One of the 16 Plitvice Lakes, featuring vivid coloring
caused by a high mineral content

49RIVERS & SHORES

clifs of
moher

COUNTY CLARE, IRELAND


Vast sandstone ramparts, battered by wind and
wave, mark the point at which Europe falls into the
sea. Beyond the Clifs of Moher, on Irelands west
coast, the Atlantic stretches empty to the distant
shores of North America. Plants and owers
cling to tiny ledges, and up to 30,000 seabirds,
including large colonies of pufns, wheel above
the sea from rocky nesting sites. The clifs reach
702 feet (214 m) at their highest point and, with
over a million visitors a year, are one of Irelands
most popular attractions.

DON T MISS
Take in the superb views from the clif tops on the easy
but blustery hike to OBriens Tower near the clifs highest
point. Then take a boat trip from the pier in nearby Doolin
to enjoy the clifs and the crashing seas a little closer
at hand.
Plants and owers (left) cling to the Clifs of Moher (above),
one of Irelands nest and most visited coastal gems.

51RIVERS & SHORES

zanzibar
AFRICA
The gods have been kind to Zanzibar, an
exotic archipelago of numerous tiny islands
and two large onesPemba and Unguja
just of the East African coast. They have
blessed it with a climate and soils that favor
the growing of cloves, nutmeg, cinnamon,
and pepperwhich is why the islands are
often known as the Spice Islands. On
many places around the coast, they have
been kinder still, creating long, palm-shaded
beaches of powdery white sand, teeming
coral reefs, and placid, warm turquoise seas.

DON T MISS
Beaches are a mustone of the best is Kendwa,
which has great divingbut also be sure to join a
spice tour to see how spices are produced, and then
see them for sale in the market in Stone Town, the
historic heart of the islands capital.

A jetty leads out through Zanzibars clear, tranquil


waters, sparkling in the midday sun.
52RIVERS & SHORES

big sur
COASTAL CALIFORNIA
No one seems quite to agree on its precise
boundaries, but theres no mistaking the wild
grandeur of Big Sur, 90 miles (145 km) or so
of precipitous central Californian coastline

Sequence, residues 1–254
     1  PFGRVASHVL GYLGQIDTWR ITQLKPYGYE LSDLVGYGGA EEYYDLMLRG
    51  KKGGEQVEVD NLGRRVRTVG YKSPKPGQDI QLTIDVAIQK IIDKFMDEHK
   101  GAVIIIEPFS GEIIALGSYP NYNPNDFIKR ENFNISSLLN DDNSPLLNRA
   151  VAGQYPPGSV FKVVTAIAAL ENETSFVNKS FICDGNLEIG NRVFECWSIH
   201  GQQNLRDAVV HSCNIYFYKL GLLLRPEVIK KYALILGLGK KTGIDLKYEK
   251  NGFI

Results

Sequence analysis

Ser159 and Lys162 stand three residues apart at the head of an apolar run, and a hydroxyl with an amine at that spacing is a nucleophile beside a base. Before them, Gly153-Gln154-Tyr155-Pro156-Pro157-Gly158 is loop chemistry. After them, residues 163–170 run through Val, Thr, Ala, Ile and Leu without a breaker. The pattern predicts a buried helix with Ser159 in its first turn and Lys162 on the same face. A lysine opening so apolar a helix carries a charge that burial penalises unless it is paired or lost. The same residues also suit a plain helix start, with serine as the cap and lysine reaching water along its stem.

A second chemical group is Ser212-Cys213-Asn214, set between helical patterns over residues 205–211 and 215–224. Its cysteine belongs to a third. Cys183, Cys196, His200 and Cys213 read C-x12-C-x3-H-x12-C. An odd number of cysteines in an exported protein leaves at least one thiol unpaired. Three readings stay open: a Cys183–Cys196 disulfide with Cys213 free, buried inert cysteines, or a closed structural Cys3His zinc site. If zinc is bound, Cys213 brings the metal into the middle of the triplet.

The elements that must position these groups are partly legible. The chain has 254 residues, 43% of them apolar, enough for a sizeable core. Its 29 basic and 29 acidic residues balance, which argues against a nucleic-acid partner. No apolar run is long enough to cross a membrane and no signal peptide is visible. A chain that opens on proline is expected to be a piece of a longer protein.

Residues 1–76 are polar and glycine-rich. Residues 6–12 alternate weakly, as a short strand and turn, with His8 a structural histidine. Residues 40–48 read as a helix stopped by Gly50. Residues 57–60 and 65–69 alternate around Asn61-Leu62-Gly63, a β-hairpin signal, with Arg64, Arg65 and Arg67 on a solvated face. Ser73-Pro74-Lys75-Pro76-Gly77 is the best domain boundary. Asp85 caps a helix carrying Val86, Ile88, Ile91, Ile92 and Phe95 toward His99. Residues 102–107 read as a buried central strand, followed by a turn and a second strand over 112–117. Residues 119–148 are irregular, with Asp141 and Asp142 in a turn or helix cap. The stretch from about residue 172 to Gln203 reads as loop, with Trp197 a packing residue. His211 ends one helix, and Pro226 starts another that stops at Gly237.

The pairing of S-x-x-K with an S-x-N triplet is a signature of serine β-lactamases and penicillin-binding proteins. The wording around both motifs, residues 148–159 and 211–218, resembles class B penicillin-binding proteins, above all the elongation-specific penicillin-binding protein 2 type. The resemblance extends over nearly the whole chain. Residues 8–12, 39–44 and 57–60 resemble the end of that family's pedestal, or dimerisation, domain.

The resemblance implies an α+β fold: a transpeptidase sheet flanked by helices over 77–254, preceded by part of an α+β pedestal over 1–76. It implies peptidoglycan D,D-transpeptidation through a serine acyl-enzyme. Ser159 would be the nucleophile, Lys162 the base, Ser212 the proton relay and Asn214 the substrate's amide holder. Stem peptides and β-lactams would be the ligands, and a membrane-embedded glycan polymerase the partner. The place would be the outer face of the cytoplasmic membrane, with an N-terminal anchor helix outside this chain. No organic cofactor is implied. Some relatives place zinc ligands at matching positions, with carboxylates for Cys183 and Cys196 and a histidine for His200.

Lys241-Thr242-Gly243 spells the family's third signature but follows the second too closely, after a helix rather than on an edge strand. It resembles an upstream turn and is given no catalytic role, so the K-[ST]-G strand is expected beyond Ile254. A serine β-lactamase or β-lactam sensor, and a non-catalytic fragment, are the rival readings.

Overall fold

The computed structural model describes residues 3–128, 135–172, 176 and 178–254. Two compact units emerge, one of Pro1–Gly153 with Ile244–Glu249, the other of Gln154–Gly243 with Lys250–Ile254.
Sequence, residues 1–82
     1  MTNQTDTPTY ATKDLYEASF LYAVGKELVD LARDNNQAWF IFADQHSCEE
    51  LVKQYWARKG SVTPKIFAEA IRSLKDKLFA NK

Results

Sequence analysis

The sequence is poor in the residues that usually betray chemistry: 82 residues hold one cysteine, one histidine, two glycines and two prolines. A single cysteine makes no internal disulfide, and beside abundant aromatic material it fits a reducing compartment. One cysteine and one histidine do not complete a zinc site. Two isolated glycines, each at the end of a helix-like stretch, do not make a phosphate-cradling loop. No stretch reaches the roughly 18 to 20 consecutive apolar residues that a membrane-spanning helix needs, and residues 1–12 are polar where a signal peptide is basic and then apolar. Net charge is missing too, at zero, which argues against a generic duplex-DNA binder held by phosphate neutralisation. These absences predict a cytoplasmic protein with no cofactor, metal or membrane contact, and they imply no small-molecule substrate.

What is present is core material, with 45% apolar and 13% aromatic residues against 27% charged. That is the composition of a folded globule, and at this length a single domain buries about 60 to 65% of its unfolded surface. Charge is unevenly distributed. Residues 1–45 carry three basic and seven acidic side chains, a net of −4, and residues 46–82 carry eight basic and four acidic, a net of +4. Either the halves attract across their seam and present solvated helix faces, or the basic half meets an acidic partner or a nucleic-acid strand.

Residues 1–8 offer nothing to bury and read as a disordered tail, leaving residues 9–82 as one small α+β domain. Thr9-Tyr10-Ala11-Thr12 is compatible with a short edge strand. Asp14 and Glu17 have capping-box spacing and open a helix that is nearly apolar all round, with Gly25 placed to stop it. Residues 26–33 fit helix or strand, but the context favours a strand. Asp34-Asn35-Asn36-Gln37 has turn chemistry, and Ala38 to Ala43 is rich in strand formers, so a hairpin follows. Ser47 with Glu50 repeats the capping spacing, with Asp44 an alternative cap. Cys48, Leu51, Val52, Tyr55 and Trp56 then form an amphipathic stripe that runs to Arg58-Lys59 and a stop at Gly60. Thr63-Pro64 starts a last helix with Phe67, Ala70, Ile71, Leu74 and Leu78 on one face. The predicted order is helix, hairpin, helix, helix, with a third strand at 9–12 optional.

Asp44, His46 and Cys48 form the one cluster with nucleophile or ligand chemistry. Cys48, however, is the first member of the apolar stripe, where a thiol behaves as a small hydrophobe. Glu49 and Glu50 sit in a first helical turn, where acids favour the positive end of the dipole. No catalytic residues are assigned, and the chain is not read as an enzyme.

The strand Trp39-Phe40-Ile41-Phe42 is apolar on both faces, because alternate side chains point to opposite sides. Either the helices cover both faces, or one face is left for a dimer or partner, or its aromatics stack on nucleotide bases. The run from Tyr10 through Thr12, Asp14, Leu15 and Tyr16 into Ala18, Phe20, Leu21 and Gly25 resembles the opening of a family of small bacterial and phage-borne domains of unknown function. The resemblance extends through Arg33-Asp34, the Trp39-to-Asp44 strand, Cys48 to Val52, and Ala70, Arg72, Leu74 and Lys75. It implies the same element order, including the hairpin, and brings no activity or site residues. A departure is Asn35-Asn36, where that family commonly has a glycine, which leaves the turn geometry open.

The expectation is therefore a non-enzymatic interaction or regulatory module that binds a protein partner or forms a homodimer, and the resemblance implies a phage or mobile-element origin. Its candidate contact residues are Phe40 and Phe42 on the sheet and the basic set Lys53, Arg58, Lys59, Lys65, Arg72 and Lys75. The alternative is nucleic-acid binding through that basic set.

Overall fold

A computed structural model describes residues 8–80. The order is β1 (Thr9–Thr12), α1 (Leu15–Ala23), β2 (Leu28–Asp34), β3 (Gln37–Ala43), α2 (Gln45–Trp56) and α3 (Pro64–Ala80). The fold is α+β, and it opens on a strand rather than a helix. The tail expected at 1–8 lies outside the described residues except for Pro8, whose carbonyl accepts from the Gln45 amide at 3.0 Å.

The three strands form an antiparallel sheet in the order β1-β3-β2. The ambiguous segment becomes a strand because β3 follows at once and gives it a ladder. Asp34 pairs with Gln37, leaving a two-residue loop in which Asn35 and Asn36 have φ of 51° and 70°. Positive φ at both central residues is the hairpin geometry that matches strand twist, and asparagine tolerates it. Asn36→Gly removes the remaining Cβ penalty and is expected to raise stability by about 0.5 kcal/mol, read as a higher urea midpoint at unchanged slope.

that combines a sublime maritime beauty
clifs that plunge straight into the ocean,
Pacic sunsets, crescent beaches, hidden
coves, dunes, and wave-lashed headlands
with breathtaking views and a habitat-rich
hinterland of soaring redwood forest, rich
riparian woodland, gentle pasture, mountain
wilderness, and chaparral-covered hills.

DON T MISS
Nine state parks and Highway 1, one of the worlds
most scenic drives, ofer windows on much of Big
Sur. Highlights include Bixby Creek Bridge, the Point
Sur Lightstation, and the falls, creek, and canyon
along the McWay Waterfall Trail.
McWay Falls in Julia Pfeifer Burns State Park, established in 1962 to help protect Big Sur

55RIVERS & SHORES

35
the amazon
river

SOUTH AMERICA
Where to start with the beauty of the
Amazon? With its grandeur, its 4,000mile (6,500 km) length, and the
immensity of its rain forest, or with
the more intimate beauty found in the
variety of its ora and fauna? Or perhaps with the innite secret beauties
of its smallest, unknowable reaches
that no human eye will ever savor?
Victoria amazonica, an Amazon native,
is the worlds largest water lily.

36
bay of res
EASTERN TASMANIA,
AUSTRALIA

The Bay of Fires is a jewel among


Tasmanias many pristine landscapes.
Even in high season, there are plenty
of opportunities to explore its dunes
and rocky headlands at sunset or to
camp right on its dazzling white-sand
beaches, waking to swim in clear blue
waters or walk among the foreshores
iconic rust-red, lichen-covered rocks as
the sun bathes them in morning light.
Orange lichen covers much of the
granite foreshore in the Bay of Fires.

37
loch katrine
STIRLING,
SCOTLAND

The romantic landscapes of Loch


Katrine, a freshwater lake north of
Glasgow, inspired Sir Walter Scotts
poem The Lady of the Lake and Gioachino Rossinis opera La donna del
lago. Today, they beguile visitors who
come to hike, cycle, and sh or to take
boat trips aboard the Sir Walter Scott,
a historic steamship.
Romantic Loch Katrine and the southerly slopes of the Scottish Highlands

38
milford sound
FIORDLAND,
NEW ZEALAND

Visitors board boats or hike the


Milford Track, New Zealands most
popular multiday trail, to see Milford
Sound, a glacier-cut fjord whose
immense rock walls, innumerable